By Rainer Maria Rilke
Klang, nichtmehr mit Gehör
meßbar. Als wäre der Ton,
der uns rings übertrifft,
eine Reife des Raums.
By Rainer Maria Rilke and translated by Jack Verschoyle
The overcoming comes now
– it is of one historic bound –
alongside dulcet dimensions.
Go forth! Abandon!
The loving tumour grows
when the body’s in the ground.
The Task of the Translator
‘The Task of the Translator’ by Walter Benjamin is a classic of the theory of translation and represents a view of translation that might be seen to be at odds with today’s political expectations of translation. A popular account of translation might be that to translate is to partake in a programme of bias free retention of the “meaning” (content/subject matter) of the original, above all. No doubt this has some understandable political motives. But sometimes simplicity, can be more harmful and oppressive than struggling through mistakes. I see Benjamin as providing us with an account of what this struggle could be; of a much more liberated account of translation; why the idea of ‘retention of meaning’ should be abandoned.
The translation has a place in history different from the original and any good translation confronts and digests this. We say the translation should become the latest unfolding of the world that the original started. The good translation realises again (but for a new world) the relation that the original suggested between our lives and our purpose; its “answer”. But this confrontation and digestion should not be subtext; not referred to. The original is a precondition, but it should not be a constraint. There should be no anxiety of influence, neither from the original nor from the present; the translation is not written for the audience. All things pass and the translation should admit that it will itself be overcome one day.
One of the most interesting concerns that this raises is ‘what happens when the language of the original is more exalted than that of the translation?’. In my mind, the significant point of exaltation would be liberation (not greater musical or literary-historical resource). What if we have regressed? This can be the challenge of translation, but also its opportunity.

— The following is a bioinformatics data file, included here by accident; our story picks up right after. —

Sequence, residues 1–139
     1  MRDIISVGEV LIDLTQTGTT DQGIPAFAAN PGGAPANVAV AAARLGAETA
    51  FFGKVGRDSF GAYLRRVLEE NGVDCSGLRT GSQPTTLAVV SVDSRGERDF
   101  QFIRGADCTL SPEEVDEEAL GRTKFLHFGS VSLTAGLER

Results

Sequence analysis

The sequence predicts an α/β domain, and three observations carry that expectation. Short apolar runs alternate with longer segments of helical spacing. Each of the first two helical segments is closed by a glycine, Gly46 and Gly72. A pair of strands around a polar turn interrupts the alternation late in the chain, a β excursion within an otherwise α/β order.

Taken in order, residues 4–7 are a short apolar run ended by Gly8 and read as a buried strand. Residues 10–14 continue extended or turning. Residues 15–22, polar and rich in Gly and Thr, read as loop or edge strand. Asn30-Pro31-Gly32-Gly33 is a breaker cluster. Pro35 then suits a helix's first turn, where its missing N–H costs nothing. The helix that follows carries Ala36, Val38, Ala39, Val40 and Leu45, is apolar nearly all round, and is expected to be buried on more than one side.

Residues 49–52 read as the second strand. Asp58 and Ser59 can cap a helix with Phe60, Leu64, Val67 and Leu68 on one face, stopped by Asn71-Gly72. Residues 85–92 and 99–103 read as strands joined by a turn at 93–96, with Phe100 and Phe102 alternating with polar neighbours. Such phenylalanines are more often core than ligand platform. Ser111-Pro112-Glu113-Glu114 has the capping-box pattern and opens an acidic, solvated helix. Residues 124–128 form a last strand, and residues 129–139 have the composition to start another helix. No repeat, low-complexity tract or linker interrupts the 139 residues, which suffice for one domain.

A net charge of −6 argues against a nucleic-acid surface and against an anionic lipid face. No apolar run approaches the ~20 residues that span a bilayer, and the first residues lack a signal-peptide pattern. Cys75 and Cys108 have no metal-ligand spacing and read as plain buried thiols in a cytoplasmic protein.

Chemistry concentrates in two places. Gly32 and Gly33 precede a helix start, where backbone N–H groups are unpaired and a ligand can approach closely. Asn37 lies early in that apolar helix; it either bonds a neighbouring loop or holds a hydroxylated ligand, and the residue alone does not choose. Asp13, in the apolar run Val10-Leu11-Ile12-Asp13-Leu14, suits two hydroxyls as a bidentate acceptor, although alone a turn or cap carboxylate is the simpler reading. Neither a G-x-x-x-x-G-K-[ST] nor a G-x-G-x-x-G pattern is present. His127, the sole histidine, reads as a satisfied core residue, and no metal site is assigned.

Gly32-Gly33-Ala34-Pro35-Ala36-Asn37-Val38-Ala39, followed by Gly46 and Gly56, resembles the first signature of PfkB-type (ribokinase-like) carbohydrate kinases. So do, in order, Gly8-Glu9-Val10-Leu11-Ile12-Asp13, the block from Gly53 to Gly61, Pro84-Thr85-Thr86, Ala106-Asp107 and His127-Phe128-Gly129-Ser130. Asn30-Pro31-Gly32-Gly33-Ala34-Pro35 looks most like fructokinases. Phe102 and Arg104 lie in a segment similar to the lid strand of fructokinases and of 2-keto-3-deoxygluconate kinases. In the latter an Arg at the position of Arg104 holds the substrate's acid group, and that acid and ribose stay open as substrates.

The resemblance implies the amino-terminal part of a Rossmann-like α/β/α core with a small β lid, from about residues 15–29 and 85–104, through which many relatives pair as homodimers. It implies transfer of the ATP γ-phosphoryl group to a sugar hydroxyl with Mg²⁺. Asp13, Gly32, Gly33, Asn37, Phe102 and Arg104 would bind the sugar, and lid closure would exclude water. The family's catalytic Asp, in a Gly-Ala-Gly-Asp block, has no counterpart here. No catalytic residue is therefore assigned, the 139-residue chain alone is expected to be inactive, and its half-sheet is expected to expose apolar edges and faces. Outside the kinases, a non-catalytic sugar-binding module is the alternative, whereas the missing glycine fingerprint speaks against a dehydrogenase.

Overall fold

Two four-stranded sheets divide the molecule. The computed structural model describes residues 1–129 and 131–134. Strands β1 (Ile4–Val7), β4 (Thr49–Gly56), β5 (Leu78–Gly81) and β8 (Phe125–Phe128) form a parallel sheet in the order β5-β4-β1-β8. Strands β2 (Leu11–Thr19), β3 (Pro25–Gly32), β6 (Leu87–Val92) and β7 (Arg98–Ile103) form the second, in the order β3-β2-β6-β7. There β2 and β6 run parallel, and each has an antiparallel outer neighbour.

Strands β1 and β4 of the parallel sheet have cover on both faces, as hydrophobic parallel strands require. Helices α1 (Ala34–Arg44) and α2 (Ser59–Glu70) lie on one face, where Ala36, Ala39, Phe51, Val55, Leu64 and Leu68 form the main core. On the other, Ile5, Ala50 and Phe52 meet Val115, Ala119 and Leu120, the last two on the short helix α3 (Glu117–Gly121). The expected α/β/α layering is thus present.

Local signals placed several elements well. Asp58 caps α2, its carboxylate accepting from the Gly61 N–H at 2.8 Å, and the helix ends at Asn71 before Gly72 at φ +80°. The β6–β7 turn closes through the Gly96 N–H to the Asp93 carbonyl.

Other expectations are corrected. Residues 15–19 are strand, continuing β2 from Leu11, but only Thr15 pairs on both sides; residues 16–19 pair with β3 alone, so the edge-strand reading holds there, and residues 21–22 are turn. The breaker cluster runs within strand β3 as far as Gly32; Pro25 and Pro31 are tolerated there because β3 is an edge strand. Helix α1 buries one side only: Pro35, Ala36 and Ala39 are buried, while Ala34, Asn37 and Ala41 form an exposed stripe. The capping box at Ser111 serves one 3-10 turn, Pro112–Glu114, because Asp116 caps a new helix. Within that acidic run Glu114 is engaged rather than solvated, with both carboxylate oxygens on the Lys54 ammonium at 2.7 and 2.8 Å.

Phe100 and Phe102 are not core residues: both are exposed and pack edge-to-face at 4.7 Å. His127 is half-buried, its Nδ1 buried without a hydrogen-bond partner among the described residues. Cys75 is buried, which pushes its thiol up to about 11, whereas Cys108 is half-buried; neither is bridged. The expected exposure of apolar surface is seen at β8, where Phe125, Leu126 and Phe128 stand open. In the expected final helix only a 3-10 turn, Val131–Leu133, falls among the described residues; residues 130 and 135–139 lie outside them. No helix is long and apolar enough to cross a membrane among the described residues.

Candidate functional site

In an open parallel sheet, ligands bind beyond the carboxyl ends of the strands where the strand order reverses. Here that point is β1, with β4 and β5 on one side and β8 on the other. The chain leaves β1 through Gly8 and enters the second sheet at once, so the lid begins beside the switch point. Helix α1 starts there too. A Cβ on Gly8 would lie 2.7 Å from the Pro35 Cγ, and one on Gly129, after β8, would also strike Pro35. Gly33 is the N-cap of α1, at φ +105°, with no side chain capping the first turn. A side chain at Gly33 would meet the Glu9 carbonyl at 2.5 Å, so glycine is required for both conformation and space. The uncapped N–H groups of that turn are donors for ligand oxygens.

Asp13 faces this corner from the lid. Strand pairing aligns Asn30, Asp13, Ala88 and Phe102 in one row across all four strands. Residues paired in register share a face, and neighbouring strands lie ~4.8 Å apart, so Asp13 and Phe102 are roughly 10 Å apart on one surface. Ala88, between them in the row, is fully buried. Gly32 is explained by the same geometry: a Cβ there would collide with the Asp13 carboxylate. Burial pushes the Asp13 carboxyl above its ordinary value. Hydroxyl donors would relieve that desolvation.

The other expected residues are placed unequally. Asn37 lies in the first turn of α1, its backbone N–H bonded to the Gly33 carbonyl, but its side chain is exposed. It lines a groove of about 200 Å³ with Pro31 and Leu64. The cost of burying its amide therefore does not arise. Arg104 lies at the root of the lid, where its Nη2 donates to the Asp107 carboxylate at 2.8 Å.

“Gong (I)” is about a moment of our being left behind by representation and reality. That is not to say that we stop representing the world in a certain way. Moreso that we continue to do these things only in a dead form. Sound passes us by just like, Benjamin might say, the future passes us by as we fail to understand our past in its relation to the present, as we fail to understand our history and our purpose.
In my translation of Rilke, I have attempted to do as Benjamin asks of the translator. I hope it is its own poem, but it could not exist without the original. 1) Sound and space are moving beyond us. It is a future that misses nothing, in the sense that we will still have our sense of hearing and space as we know it, but only as such. We will not be progressing, only representation and reality; “Abandon!” as I say, or Rilke’s “übertrifft” which I still use, translated as “overcoming”. 2) But the abandoned and overcome are none the worse in themselves; it is their relation to others that has changed. We feel the butt of something else’s nature; “eine Reife des Raums” as Rilke says. I hoped I get to this with a comparison to death by a tumour, a self-contained and natural (which is why I refer to it as a ‘Beloved’, borrowing from Rilke’s formal opening; ‘Klang,’) but deadly growth. The tumour observes our death indifferently and, from our perspective, continues to develop in our flesh after the fact. The tumour is no more responsible for death than life. 3) All the forces acting on us are, in Rilke’s poem, not of any identity. The ability to talk so easily about events or process without naming subjects or objects is something that is much easier to do in German than in English. Sound and space do not see us as the objects of their moving on, and they themselves are not comfortable subjects. We only perceive the events as done to us. I have tried to Germanise the English in this way at a few points; “the overcoming”, “one historic bound”, and the undirected calls of “Go forth!” and “Abandon!”. I hope german speakers might now go back to my translation with greater charity. Jack Verschoyle studies Logic and Philosophy of Science at LMU in Munich. He is from Oxford in the UK. He speaks English, some French and even less German.